The Hruska Clinic Integrator

Caiti Discusses How "One Size Does Not Fit All" Regarding Assistive Devices (Part 1)

Caiti Discusses How "One Size Does Not Fit All" Regarding Assistive Devices (Part 1)

We all know someone who either currently uses or has used an assistive device. Canes, walkers, crutches, wheelchairs to name a few are assistive devices designed to be used in a way that increases both safety and independence with functional mobility (i.e. walking, stair negotiation, transfers sit to stand, balance deficits). Often patients will come to therapy and it is evident the moment they walk through the door whether or not the assistive device FITS them. I always start by asking them how long they've used their device, then follow by where did you get it?, and did someone ever fit that to you or show you how to use it? Answers to these questions are commonly "This was my moms", or "is my uncles", or "my son used these crutches once and we kept them". In the rare chance that this person has the exact anthropometrics and injury as their relative or friend from whom they got the device, the fit may be correct.

More often than not, the device doesn't fit and needs to be measured to the new owner or user of the cane/walker/walking stick/crutches/wheelchair etc. Frequently, patients walk into the clinic using devices too short or too tall for them. Sometimes people use devices that restrict to their freedom of movement without knowing it; a device that is too stable or perhaps lacks sufficient support. In these cases, the device is not actually aiding the individual, but can become a safety hazard or create undue stress on areas of the body that are supposed to be unloaded.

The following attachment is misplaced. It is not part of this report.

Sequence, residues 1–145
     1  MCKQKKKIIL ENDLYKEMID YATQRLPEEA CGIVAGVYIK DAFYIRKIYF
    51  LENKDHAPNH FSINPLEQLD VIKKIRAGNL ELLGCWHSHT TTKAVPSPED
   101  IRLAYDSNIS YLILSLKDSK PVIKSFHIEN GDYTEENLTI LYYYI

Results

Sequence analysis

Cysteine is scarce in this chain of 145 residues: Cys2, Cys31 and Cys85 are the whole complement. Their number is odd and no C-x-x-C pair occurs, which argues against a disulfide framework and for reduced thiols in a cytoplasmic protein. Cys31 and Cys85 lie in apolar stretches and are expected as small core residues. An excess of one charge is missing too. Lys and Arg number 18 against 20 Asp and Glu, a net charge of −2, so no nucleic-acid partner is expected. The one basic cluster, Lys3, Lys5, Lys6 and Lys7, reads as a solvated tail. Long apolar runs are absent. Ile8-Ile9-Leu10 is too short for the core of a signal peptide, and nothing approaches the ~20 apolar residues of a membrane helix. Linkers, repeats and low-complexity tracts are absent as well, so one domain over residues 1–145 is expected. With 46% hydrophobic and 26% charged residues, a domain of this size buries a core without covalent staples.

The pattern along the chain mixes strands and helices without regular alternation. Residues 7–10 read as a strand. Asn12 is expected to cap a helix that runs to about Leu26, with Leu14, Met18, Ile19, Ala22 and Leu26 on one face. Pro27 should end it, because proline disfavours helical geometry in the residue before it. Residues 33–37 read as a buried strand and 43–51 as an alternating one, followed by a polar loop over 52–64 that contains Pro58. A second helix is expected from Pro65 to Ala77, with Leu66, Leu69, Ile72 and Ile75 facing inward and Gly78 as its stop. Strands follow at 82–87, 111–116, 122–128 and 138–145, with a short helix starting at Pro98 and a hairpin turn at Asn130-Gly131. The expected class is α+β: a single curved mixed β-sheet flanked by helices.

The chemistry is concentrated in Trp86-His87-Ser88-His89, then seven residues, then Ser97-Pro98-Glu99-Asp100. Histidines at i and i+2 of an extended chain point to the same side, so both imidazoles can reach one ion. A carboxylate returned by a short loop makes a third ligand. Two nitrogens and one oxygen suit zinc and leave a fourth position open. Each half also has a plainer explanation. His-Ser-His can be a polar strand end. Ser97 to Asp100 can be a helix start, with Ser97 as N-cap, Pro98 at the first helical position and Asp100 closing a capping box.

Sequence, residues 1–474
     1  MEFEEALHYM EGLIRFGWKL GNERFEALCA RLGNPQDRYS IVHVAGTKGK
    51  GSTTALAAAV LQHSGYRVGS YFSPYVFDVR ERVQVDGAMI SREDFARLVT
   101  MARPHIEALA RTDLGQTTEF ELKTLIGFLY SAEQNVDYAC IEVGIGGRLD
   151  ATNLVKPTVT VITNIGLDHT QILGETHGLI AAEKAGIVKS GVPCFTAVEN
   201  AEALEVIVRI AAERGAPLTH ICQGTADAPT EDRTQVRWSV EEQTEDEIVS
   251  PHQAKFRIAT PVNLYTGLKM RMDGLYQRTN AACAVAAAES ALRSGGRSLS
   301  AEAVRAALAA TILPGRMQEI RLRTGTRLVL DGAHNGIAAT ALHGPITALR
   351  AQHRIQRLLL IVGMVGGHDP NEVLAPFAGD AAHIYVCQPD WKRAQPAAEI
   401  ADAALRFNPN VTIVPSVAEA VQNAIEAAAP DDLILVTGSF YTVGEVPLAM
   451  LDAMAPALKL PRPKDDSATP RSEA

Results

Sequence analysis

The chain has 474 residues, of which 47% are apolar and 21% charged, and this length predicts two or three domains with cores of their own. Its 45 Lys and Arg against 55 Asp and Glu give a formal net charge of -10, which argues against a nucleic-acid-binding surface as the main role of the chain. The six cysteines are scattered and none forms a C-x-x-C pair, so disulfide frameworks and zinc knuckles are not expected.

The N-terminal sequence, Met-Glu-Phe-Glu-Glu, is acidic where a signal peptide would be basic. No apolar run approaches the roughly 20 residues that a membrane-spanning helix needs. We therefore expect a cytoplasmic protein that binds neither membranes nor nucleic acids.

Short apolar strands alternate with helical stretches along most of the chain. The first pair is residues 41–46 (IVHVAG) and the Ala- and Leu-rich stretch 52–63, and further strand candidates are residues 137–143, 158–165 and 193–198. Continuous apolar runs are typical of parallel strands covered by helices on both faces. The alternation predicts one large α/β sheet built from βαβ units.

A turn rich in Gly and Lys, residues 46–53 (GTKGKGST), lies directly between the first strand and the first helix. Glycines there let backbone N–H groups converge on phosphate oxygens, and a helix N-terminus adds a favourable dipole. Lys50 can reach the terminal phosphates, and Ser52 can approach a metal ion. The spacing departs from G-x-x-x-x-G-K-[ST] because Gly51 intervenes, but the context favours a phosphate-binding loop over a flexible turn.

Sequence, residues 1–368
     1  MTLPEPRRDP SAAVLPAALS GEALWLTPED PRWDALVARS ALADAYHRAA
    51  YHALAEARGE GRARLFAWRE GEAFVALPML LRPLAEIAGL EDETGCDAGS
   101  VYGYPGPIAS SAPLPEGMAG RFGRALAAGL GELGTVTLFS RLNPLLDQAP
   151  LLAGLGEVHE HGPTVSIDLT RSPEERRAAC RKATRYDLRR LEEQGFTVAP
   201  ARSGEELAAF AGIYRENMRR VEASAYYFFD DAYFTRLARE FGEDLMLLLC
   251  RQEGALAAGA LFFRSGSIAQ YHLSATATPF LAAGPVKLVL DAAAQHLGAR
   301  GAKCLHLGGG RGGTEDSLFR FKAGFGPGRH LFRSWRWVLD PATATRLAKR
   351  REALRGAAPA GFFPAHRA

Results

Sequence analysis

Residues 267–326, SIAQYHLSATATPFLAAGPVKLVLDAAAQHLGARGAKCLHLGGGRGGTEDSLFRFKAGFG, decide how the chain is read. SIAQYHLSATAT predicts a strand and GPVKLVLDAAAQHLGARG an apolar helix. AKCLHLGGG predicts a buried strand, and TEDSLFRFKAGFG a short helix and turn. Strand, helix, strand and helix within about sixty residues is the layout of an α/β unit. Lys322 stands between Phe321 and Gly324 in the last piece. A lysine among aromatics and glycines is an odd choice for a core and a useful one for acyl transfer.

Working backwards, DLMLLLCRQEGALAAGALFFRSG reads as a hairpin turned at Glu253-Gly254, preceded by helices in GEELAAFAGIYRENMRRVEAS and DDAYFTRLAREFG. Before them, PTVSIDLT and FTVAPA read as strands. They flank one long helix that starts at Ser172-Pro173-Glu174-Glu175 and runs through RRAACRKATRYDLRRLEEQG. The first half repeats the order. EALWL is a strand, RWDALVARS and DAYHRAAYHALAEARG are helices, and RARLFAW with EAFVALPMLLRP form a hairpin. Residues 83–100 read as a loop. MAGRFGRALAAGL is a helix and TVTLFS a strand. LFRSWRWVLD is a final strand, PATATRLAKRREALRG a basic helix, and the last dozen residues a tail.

Following the issue of "fit" is the ability to correctly use a device. Patients need to learn how to position, advance, and use their device to shift their center of mass optimally throughout the gait cycle. Improper use or placement of a device during functional mobility can lead to other issues, aches and pain throughout the body as we compensate to move.

For instance, if your Right leg hurts, you may grab a cane or crutch and use it on the right side to support that Right painful or sore leg. Contrary to popular belief, the laws of physics actually demonstrate that with this approach, your body's center of mass and weight is actually increased on the Right side of the body rather than unloading the sore leg. This also limits the individual to shift their weight and utilize the left side of the body in a balanced and proper way to move forward.

This unloading and balance of forces around the painful side is not the only element to thing we consider here at the Hruska Clinic. We also look at the asymmetries in quality of motion between right and left sides of the body. For instance, we may instruct a patient who has a painful Left side to actually hold their device in the Left hand. To find out more about if an assistive device is right for you, what type, what fit, and for training on how to use the device properly for optimal mobility, come and see us (402)467-4545.